Every year in late April or May, when the sun is moving north in its seasonal progression, large, high-elevation land surfaces in Mexico's Sierra Madre Occidental Mountains begin to warm up. As the warm air over the land rises, it draws moist air from the Sea of Cortez, or Gulf of California, further west.
"Moisture comes in and as the land continues to heat up moving northward, that moist air also moves northward," Monson explained. As it advances, daily warming at the land surface gives the air a lot of upward lift, which creates the late-afternoon thunderstorms in May and June in Northern Mexico.
By July the storms begin to reach Tucson.
This process continues to proceed northward as summer progresses. By late summer and early fall, the sun begins to recede southward. The major weather fronts and regional pressure systems are changing, the land-sea temperature difference begins to diminish and the monsoons slowly dissipate."
Monson said much research in the UA's atmospheric sciences has focused on modeling how the monsoon system evolves, what determines its intensity, and how it responds to El Nio and La Nia years, caused by unusually warm or cold surface temperatures in the equatorial Pacific.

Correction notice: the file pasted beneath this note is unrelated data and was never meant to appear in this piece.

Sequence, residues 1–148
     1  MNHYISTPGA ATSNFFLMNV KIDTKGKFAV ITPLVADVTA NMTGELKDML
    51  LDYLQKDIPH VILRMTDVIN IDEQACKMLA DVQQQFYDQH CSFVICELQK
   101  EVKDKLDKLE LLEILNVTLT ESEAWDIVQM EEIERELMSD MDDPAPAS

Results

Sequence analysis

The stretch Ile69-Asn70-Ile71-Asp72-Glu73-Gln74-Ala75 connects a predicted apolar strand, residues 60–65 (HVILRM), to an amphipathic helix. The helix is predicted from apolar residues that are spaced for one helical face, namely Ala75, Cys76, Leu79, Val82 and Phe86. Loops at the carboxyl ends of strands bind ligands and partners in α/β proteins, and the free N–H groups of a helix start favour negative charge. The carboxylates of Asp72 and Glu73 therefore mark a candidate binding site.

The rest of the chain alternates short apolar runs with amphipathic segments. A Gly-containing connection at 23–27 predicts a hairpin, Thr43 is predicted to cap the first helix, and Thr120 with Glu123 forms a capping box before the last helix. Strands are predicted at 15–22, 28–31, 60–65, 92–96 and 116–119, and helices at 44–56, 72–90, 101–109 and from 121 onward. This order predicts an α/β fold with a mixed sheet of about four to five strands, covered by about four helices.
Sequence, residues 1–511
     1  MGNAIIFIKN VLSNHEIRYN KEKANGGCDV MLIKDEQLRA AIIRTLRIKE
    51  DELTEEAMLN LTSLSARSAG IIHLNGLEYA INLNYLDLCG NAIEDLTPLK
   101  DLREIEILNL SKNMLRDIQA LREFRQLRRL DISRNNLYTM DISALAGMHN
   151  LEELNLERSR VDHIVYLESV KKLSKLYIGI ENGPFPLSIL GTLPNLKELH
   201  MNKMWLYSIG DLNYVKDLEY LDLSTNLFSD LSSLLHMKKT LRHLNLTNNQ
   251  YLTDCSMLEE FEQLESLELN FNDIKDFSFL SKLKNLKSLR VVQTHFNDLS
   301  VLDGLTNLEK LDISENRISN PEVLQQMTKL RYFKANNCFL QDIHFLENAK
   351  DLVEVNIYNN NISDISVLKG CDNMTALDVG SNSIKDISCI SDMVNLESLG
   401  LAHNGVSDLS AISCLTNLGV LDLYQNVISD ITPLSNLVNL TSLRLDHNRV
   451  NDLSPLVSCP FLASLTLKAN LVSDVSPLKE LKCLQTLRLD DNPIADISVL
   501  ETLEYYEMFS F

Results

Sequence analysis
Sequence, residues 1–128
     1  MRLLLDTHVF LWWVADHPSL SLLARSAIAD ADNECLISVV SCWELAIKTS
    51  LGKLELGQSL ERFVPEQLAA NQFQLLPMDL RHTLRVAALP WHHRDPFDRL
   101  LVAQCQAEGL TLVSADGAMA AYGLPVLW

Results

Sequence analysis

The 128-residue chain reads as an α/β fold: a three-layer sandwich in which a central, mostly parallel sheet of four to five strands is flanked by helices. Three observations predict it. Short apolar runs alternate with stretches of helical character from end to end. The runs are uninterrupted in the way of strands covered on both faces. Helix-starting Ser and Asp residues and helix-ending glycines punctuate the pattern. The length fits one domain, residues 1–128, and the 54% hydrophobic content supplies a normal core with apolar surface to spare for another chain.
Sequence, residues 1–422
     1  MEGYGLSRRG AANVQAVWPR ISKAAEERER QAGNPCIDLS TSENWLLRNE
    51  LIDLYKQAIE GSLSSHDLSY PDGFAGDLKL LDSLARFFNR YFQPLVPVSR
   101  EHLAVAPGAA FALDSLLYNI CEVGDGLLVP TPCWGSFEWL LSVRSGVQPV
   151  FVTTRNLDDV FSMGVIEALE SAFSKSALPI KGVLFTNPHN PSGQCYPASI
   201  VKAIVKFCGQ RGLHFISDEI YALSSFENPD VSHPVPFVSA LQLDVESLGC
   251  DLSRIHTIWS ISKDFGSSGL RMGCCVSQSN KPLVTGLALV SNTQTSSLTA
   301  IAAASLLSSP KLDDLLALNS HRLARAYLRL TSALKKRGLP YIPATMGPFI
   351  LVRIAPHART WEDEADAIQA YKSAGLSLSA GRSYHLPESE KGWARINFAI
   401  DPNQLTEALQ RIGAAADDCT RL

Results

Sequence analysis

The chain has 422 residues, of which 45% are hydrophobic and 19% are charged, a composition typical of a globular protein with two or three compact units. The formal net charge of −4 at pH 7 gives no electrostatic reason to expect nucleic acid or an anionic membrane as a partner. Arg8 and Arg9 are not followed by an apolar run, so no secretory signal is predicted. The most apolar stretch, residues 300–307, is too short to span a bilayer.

"How far north the monsoon travels from its origin in the Sierra Madre Occidental, its east-west expanse and the intensity of the monsoon are all driven by land-sea temperature differences, which are in turn affected by climate change," Monson said. "What we want to do now is bring the ecological perspective into play with our strength in weather modeling. How does the monsoon and its variability influence tree growth, spread of invasive grasses in the western U.S. and the propagation of fire cycles?"
Monson also said the monsoon has direct effects on tree growth in the region, where water is sparse and limits plant growth. "Using tree-ring analyses, we can go back hundreds of years and assess the relative intensit
|Contact: Daniel Stolte|
University of Arizona